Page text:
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Friends at Court.

BIOGRAPHICAL GLEANINGS FOR NEXT WEEK'S CALENDAR. (Written for the N.Z. Tablet.) SEPTEMBER 4, Sunday (14th after Pentecost).— St. Rose of Viterbo. „ 5, Monday. — Si. Laurence Justiuian. „ 6, Tuesday.— St. Romuald. „ 7, Wednesday.— St. Eugenius 111., Pope and Confessor. „ 8, Thursday. — Nativity of the B.V.M. „ 9, Friday. — St. Kieran, Abbot. „ 10, Saturday. — St. Hilary, Bishop and Confessor. ST. ROSE OF VITERBO. A Franciscan Tertiary. Was the placid face of old Alban Butler, lit up by a smile as he wrote the following: — a smile at the • Irony of Fate ?' : — ' St. Rose was refused admittance to the Franciscan Nunnery in Viterbo ; therefore led a solitary life in a cottage adjoining, in the most austere penitential practices, and in assiduous contemplation and prayer. She died about the year 1252. Her body is shown in the church of this nunnery entirely incorrupt, her face appears full of flesh, and as if the corpse was just dead.' Dry the tears that dim thy seemg 1 , Give glad thoughts for life and being. Time is but the little entry To eternity's large dwelling, Till the puzzling way quite past Thou shalt enter in at last. BT. LAURENCE JUSTINIAN. Flourished in the fifteenth century. A pious mother guarded his youth, and purity of conscience led him to the vision of ' truth, freedom, beauty, and righteousness.' He became a humble religious, but the Pope drew him out of his monastery to make him first, Bishop, and then Patriarch of Venice, his native city. St. Laurence used to say that infused humility enlightens the soul with that true science which consists in knowing that God alone is the great All, and that we are nothing. He realised what Tanler calls 'The tragedy of our baseness.' ST. KIERAN, FOUNDER OF CLONMACNOISE. That was a fateful day for the young Irishman, Kieran Macantsaor, when the words of the Gospel read at Mass bo smote his heart that thenceforward he gave himself wholly to the service of God. ' Consideration like an angel came And whipp'd the offending Adam out of him.' He became the disciple of St. Finnian in the School of Clonard, and thence he went to the Isle of Arran to acquire monastic perfection under ' The holy St. Enda.' An Irish tourist, M. Banim, has well described the Atlanticgirt Arran Isle. ' Through all these ages the scene can soarce have changed. Then, as now, the wide ocean on every side; the same exquisite panorama of far-away shadowy cliffs and hills and mountain peaks across the northern bay, faintly showing- where lies the world of strife and care, of vain hopes and fears and dangers ; the same immense, limitless stretch of sea beyond the western shore, where no shadow of earth ever comes between the island and that spot where, at sunset, the very portals of glory seem to open awhile, as if out there lies the world of eternal rest and joy. And the same Arran : a grey-white rock, without beauty of form, without sheltering trees or spreading meadows ; without blooming orchards or waving cornfields, green lanes or mossy dells — nothing to strike the eye at nrst but a cold, hard, barren mass of sea-girt stone — nothing more : and yet, from time immemorial, this island has been a veritable loadstone, attracting to its shores countless holy men who, from the very first days of Christian rule in our land, chose this solitude as their dwelling places.' The author of Ireland's Schools and Scholars, describing the lives of prayer, study, and labour of works on rough, rocky, greywhite Arran, says that ' They passed their blameless lives, living only for God, and waiting, not in fear, but in hope, for the happy hour when their heavenly Father would call them home.' Let John Banim's daughter, Miss M. Banim, take up the tale : The youthful St. Kieran, ' the son of the carpenter, spent seven years in this peaceful isle, working meekly and humbly, happy in the simplest occupations of husbandry, while he gathered from the lips of Enda lessons of wisdom and holiness, and studied diligently under the learned men around him. . . So beloved was he amongst his brethren that when, warned by a vision, he learned that his time was come to leave his solitude, and St. Enda felt he must send his young disciple back to the world to labour there for God, the old monk wept bitterly and was unconsolable for the loss of him he loved as a son. Long Enda and his brethren stood, we are told, unmovable upon the shore, weeping and straining their eyes after the boat that bore the saiut away trom amongst them.' St. Kieran's first foundation was his monastery on an island in Lough Ree. He wrote for his monks a rule, and a very austere one, known afterwards as Kieran's Law, which was adopted by many monasteries in Ireland. Many monks gathered around him, and when his work was well established, he left the charge of it to his disciple Adamnan, and proceeded to found on the west bank of the Shannon the great monastery of Clonmacnoise. We see how absorbed he became in his great work, when tradition tells us that he prayed God to grant him long life. But God had other designs. Kieran |The carpenter's son, Macantsaor, died at the age of 33.' How tradition loves to dwell on the coincidence !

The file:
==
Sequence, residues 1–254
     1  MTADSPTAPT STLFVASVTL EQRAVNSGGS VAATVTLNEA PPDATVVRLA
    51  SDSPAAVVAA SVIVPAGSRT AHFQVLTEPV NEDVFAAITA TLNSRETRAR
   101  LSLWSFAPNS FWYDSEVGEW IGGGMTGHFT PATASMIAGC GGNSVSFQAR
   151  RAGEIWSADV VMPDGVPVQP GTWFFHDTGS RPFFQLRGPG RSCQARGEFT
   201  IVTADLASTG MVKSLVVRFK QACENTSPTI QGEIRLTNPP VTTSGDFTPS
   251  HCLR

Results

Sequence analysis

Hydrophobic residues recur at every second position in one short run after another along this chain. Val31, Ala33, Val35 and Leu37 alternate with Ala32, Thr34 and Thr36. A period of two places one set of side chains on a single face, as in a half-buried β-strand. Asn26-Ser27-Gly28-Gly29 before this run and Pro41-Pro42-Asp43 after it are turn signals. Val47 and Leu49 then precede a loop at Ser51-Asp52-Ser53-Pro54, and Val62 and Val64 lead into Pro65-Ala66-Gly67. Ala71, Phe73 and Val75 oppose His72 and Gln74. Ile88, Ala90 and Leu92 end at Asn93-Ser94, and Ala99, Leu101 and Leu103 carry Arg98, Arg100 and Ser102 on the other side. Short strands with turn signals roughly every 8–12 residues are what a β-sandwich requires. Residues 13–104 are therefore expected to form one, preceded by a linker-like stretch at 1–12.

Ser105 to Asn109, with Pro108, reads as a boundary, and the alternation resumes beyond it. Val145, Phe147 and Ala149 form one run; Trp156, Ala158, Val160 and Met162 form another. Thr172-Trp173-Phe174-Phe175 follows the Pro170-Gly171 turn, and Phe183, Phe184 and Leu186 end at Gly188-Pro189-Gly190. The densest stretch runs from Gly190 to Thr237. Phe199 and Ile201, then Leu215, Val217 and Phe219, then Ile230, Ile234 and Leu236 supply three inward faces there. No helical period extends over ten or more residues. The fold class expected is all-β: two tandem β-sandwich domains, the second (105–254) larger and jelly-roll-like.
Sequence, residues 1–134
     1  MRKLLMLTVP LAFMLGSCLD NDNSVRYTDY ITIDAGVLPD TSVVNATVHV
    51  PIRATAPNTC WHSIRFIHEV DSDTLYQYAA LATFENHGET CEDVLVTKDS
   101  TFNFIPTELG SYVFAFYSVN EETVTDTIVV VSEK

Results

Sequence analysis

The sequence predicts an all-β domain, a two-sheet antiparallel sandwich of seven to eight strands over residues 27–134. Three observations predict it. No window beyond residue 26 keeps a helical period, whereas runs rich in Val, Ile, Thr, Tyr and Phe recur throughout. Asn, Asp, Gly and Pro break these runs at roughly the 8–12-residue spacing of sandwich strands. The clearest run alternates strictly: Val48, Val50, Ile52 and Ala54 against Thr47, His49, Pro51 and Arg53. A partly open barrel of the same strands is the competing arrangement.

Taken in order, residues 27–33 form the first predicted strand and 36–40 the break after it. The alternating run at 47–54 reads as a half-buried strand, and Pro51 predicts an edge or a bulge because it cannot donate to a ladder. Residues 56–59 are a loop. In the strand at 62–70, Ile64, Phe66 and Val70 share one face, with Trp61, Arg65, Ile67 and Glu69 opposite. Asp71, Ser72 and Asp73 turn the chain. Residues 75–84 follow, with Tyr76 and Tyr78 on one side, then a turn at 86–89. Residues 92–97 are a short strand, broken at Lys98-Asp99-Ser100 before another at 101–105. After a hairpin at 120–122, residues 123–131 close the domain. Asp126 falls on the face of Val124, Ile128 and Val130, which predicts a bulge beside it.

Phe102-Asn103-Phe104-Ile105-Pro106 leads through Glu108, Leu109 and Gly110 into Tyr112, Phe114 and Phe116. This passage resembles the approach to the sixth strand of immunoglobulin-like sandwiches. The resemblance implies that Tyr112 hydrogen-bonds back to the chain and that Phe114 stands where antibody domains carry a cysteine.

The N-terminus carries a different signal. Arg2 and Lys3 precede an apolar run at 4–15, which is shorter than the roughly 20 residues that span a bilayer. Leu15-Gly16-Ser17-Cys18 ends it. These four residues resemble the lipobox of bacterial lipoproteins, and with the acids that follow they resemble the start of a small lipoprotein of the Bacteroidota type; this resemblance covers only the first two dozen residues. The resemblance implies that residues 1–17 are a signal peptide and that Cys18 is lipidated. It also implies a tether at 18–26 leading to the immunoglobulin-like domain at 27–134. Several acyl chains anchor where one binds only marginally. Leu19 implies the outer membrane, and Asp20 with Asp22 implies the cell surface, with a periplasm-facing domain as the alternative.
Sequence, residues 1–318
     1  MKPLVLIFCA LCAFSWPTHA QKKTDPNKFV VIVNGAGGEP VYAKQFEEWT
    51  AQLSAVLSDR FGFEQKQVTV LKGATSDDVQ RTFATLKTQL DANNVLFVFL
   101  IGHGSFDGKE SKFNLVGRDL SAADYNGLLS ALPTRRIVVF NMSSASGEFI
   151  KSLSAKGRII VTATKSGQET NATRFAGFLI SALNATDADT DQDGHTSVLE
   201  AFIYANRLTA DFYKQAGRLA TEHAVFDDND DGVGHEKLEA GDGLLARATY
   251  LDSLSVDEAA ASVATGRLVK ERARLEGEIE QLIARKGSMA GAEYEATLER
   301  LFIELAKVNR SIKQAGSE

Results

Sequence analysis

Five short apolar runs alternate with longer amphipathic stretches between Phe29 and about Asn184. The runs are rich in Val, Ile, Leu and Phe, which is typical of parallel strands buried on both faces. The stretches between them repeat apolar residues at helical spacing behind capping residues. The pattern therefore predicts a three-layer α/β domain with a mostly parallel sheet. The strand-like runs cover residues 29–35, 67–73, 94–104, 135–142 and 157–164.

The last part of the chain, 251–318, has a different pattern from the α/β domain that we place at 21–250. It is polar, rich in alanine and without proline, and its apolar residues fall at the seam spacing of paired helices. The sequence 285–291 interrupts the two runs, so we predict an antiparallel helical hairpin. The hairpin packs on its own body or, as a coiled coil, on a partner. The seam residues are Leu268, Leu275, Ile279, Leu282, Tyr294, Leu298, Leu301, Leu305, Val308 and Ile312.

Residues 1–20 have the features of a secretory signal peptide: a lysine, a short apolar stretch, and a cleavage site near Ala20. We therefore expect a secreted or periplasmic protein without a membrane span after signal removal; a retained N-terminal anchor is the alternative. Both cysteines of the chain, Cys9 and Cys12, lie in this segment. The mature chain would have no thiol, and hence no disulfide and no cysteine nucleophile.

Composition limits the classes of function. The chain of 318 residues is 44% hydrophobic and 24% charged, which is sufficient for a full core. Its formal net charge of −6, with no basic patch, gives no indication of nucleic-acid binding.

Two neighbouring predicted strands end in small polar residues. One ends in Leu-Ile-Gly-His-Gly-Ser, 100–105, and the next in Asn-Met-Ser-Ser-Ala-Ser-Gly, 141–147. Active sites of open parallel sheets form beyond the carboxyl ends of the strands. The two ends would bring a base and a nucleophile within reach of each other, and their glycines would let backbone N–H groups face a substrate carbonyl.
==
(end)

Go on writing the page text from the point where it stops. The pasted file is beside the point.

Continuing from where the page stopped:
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Bibliographic details

New Zealand Tablet, New Zealand Tablet, Volume XXVI, Issue 17, 2 September 1898

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Friends at Court. New Zealand Tablet, Volume XXVI, Issue 17, 2 September 1898